However, not all CEO’s feel pressured to resort to fraud to maintain positions. Most CEO’s do not rationalize fraud and do submit accurate financial statements. Hence, the psyche of these CEOs is generally different as they have little regard for ethical standards and legal requirements. For example, Jeff Skilling had a poster boy status prior to the debacle of Enron. He was known as a charismatic leader and was highly influential. Some state that he had a narcissistic personality. However, at that time he was held in high regard as he gave financial profits which no other energy company was showing. As Stewart Hamilton and Alicia Micklethwait authors of the book Greed and Corporate Failure describe –

Skilling’s desire to accelerate revenue, and thus, earnings, by using mark-to-market accounting, inevitably led to a ‘treadmill’ effect. If you took all the profit from a deal in one quarter, you were going to have to find another and larger deal in the next. This inevitably put pressure on employees to do deals – often with little regard as to how they were to be managed – and to ‘make the quarter’ by whatever means necessary. There was also self-interest in this as an individual’s remuneration was based on deals done and profits recorded in the previous quarter. The focus on earnings rather than cash led to some crazy deals being done”

In India, in Satyam fraud the founder CEO Ramalinga Raju confessed to fraudulent financial reporting to Rs 7000 crore (USD 1542 million). Now investigators are stating the fraudulent activities were commenced in 2002-2003 and the amount is nearly Rs 14000 crore (USD 3085 million) . He stated in this confession letter:

“The gap between in the Balance Sheet has arisen purely on account of inflated profits over last several years (limited to Satyam standalone the book of subsidiaries reflect true performance). What started as a marginal gap between actual operating profit and the one reflected in the books of accounts continued to grow over the years. It has attained unmanageable proportions as the size of company operations grew significantly (annualized revenue run rate of Rs 11,276 crore (USD 2484 million) in the September quarter of 2008 and official reserves of Rs 8,392 crore (USD 1849)). As the promoters held a small percentage of equity, the concern was that poor performance would result in a takeover, thereby exposing the gap. The aborted Maytas acquisition deal was the last attempt to fill the fictitious assets with real ones. It was like riding a tiger, not knowing how to get off without being eaten”.

The capability to deceive can be assessed by the awards Ramalinga Raju received on behalf of Satyam. He was awarded Ernst & Young Entrepreneur of the Year Services Award 1999 & 2007 (which was withdrawn later), Dataquest IT Man of the Year Award 2000, CNBC’s Asian Business Leader – Corporate Citizen of the Year award in 2002 and Golden Peacock Award for Corporate Governance 2008 (withdrawn later).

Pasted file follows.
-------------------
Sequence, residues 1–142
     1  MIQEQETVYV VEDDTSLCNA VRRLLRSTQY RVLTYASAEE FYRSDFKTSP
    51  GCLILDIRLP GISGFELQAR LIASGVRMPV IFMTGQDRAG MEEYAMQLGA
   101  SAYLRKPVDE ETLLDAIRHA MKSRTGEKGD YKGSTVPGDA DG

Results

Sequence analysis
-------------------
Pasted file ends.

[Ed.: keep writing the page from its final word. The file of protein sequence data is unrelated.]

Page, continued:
It is not that people are completely taken in by the charisma. However, the political power of the man was such, that no one raised questions. As reported in the media, the board of directors, SEBI, ICAI and Income Tax department all had information of some irregularities being done by Satyam. A senior officer in Income Tax department was the only person to conduct an investigation about illegal transfers in 2002. Subsequently, the senior officer was transferred and investigation report suppressed. No other regulator initiated any other investigation. The message was clear no one in Hyderabad (corporate office of Satyam is located in Hyderabad) could raise questions on Satyam.


In my view the reason CEO’s are able to continue fraudulent and illegal activities is that there is no one checking and questioning their decisions and behavior. Hence, the recommendations to curtail CEO’s perpetuated frauds are:

  • Regulators should maintain independence and initiate investigations on early warning signs.
  • Board of directors should question the spirit of the contract, and not just the technical aspects. For example, why was Satyam a software company considering a deal with a construction company Maytas?
  • Audit committees should play a stronger role in protecting Chief Audit Executive and Chief Financial Officers. This will enable audit committee members to understand the real situation within the organization.
  • CEO pay should not be linked to quarterly results alone. Longer-term performance measures may lower pressure to give quarterly financial numbers.
  • Lastly, board members and audit committee members should be vigilant on news about misdemeanors of CEOs and the company. They should conduct specific investigations of the transgressions and start action to reduce risks.

The CEO is the leader of the organization. If he/she chooses an unethical or illegal path, eventually the organization will suffer severe damages. The responsibility rests with the board and regulators to safeguard the organization. Playing a blame game after the damage is done, doesn’t help the economy or the country. Do not let a CEO’s insatiable hunger get out of control.


  1.  Why Do CFOs Become Involved in Material Accounting Manipulations? (Authors Mei Feng & Weili Ge)
  2. COSO Fraudulent Financial Reporting 1998-2007- An Analysis of U.S. Public Companies (Authored by Mark S. Beasley, Joseph V. Carcello, Dana R. Harmanson & Terry L. Neal)
  3. Satyam Fraud Case- Confession letter of Ramalinga Raju
  4. Satyam Scam Tip of Corporate Fraud Iceberg ( Article in IPS News written by Praful Bidwai)
  5. Greed and Corporate Failure – The Lessons from Recent Disasters ( Authors Stewart Hamilton and Alicia Micklethwait)

To read the complete list of fraud symptoms, click here.